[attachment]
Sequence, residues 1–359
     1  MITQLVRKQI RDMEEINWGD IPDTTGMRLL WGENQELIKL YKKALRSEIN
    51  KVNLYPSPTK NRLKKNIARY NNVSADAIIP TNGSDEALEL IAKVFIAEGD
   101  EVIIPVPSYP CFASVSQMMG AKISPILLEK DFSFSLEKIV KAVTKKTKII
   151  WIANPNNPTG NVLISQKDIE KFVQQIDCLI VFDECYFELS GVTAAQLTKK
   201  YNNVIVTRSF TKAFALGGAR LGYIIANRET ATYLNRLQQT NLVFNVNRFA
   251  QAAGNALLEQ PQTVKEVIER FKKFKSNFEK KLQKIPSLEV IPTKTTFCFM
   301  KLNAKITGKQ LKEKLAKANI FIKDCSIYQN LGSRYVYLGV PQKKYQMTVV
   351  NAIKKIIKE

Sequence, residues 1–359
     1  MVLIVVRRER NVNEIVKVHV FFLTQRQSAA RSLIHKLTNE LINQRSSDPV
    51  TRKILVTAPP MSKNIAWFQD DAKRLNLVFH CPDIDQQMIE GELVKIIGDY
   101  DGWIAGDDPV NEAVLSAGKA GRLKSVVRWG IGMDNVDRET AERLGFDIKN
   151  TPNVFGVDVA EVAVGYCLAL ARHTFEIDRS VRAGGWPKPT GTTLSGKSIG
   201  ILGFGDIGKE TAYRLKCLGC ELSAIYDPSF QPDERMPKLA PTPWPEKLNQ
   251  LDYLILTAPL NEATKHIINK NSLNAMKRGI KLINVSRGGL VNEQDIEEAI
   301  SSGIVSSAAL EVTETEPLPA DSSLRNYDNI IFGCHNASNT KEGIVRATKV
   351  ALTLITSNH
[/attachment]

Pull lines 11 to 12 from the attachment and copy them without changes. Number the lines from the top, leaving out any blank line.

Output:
     1  MVLIVVRRER NVNEIVKVHV FFLTQRQSAA RSLIHKLTNE LINQRSSDPV
    51  TRKILVTAPP MSKNIAWFQD DAKRLNLVFH CPDIDQQMIE GELVKIIGDY